Dec 172016
 

The following was recently published on Techdirt, although with a different title.

Regardless of what one thinks about the apparent result of the 2016 election, it will inevitably present a number of challenges for America and the world. As Mike wrote about last week, they will inevitably touch on many of the tech policy issues often discussed here. The following is a closer look at some of the implications (and opportunities) with respect to several of them, given the unique hallmarks of Trump and his proposed administration. Continue reading »

Apr 082016
 

The following is Section III.C of the comment I submitted in the Copyright Office’s study on the operation of Section 512 of the copyright statute.

Questions #16 and #17 more specifically contemplate the effectiveness of the put-back process articulated at subsection 512(g).  As explained in Section III.B this mechanism is not effective for restoring wrongfully removed content and is little used.  But it is worth taking a moment here to further explore the First Amendment harms wrought to both Internet users and service providers by the DMCA.[1]

It is part and parcel of First Amendment doctrine that people are permitted to speak, and to speak anonymously.[2]  Although that anonymity can be stripped in certain circumstances, there is nothing about the allegation of copyright infringement that should cause it to be stripped automatically.  Particularly in light of copyright law incorporating free speech principles[3] this anonymity cannot be more fragile than it would in any other circumstance where speech was subject to legal challenge.  The temptation to characterize all alleged infringers as malevolent pirates who get what they deserve must be resisted; the DMCA targets all speakers and all speech, no matter how fair or necessary to public discourse this speech is.

And yet, with the DMCA, not only is speech itself more vulnerable to censorship via copyright infringement claim than it would be for other types of allegations[4] but so are the necessary protections speakers depend on to be able to speak.[5]  Between the self-identification requirements of subsection 512(g) put-back notices and the ease of demanding user information with subsection 512(h) subpoenas that also do not need to be predicated on actual lawsuits,[6] Internet speakers on the whole must fear the loss of their privacy if anyone dares to construe an infringement claim, no matter how illegitimate or untested that claim may be.  Given the ease of concocting an invalid infringement claim,[7] and the lack of any incentive not to,[8] the DMCA gives all-too-ready access to the identities of Internet users to the people least deserving of it and at the expense of those who most need it.[9]

Furthermore, the DMCA also compromises service providers’ own First Amendment interests in developing the forums and communities they would so choose.  The very design of the DMCA puts service providers at odds with their users, forcing them to be antagonistic their own customers and their own business interests as a condition for protecting those interests.  Attempts to protect their forums or their users can expose them to tremendous costs and potentially incalculable risk, and all of this harm flows from mere allegation that never need be tested in a court of law.  The DMCA forces service providers to enforce censorship compelled by a mere takedown notice, compromise user privacy in response to subsection 512(h) subpoenas (or devote significant resources to trying to quash them), and, vis a vis Questions #22 and 23, disconnect users according to termination policies whose sufficiency cannot be known until a court decides they are not.[10]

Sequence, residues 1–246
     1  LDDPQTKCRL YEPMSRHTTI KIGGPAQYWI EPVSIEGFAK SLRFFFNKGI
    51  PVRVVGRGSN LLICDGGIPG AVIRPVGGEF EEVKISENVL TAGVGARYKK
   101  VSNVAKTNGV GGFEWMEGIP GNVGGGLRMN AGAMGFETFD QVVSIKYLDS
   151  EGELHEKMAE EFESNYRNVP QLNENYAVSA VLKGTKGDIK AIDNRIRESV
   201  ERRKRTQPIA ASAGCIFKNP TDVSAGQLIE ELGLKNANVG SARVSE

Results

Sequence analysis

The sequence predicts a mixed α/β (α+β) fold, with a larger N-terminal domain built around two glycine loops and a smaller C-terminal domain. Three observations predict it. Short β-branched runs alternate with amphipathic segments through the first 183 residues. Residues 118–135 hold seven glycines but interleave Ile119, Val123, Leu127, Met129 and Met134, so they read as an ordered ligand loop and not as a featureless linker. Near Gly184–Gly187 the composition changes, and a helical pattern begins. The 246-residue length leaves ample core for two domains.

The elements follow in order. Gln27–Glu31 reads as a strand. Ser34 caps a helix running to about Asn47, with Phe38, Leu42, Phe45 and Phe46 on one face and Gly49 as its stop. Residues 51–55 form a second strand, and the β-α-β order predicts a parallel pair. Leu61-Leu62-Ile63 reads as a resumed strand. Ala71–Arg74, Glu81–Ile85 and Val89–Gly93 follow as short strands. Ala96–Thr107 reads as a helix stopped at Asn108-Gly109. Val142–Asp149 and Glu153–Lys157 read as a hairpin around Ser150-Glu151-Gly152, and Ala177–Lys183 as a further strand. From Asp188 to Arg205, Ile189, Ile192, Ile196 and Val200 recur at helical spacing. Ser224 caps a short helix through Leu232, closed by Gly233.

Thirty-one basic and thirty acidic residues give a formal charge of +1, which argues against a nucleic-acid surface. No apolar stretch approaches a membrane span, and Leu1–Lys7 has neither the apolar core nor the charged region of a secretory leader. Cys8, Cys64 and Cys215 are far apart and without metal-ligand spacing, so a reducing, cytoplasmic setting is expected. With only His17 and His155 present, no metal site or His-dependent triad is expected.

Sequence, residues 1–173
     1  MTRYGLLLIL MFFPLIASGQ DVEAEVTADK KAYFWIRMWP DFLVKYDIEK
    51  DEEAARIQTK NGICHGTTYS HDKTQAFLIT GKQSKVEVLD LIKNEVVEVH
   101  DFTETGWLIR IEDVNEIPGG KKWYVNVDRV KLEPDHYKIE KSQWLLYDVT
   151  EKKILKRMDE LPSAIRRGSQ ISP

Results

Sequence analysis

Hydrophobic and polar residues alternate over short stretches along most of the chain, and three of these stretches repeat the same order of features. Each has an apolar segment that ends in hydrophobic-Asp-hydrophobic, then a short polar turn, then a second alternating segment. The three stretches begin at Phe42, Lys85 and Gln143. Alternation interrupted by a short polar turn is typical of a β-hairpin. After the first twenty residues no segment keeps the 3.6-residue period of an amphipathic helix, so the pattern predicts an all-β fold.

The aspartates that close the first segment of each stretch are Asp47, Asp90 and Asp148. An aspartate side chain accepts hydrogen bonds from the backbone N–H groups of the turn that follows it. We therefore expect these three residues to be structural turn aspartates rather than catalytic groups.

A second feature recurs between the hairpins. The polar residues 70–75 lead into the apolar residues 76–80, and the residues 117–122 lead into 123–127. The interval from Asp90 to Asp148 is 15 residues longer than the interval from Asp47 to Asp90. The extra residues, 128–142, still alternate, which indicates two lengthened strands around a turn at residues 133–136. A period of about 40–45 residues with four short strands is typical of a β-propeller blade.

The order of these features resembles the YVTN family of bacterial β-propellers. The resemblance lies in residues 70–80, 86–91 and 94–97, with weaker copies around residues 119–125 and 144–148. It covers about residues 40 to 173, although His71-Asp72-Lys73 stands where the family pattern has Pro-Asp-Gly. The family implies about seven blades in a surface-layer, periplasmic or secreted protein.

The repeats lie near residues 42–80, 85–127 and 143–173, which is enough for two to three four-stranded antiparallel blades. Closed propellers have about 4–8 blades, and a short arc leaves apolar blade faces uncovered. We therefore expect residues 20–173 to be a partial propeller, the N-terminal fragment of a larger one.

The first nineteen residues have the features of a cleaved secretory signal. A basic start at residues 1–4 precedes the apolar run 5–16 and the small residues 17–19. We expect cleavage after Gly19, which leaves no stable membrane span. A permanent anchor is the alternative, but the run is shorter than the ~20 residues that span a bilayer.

The repeat infringer policy requirement of subsection 512(i)(A) exemplifies the statutory problem with many of the DMCA’s safe harbor requirements.  A repeat infringer policy might only barely begin to be legitimate if it applied to the disconnection of a user after a certain number of judicial findings of liability for acts of infringement that users had used the service provider to commit.  But as at least one service provider lost its safe harbor for not permanently disconnecting users after only a certain number of allegations, even though they were allegations that had never been tested in a court consistent with the principles of due process or prohibition on prior restraint.[11]

In no other context would we find these sorts of government incursions against the rights of speakers constitutional, robbing them of their speech, anonymity, and the opportunity to further speak, without adequate due process.  These incursions do not suddenly become constitutionally sound just because the DMCA coerces service providers to be the agent committing these acts instead.
Continue reading »

Sep 162014
 

In addition to the amicus brief in Smith v. Obama, a few weeks earlier I had filed another one on behalf of the National Association of Criminal Defense Lawyers in Jewel v. NSA, another case challenging the NSA’s telecommunications surveillance.

Unlike Smith v. Obama and other similar cases, which argued that even collecting “just” telephonic metadata violated the Fourth Amendment, in Jewel the surveillance involved the collection of communications in their entirety. It didn’t just catch the identifying characteristics of these communications; it captured their entire substance.

The Electronic Frontier Foundation originally filed this case in 2008 following the revelations of whistleblower Mark Klein, a former tech at AT&T, that a switch installed in a secret room at AT&T’s facilities were diverting copies all the Internet traffic passing through their systems to the government. This, the EFF argued in a motion for summary judgment, amounted to the kind of “search and seizure” barred by the Fourth Amendment without a warrant.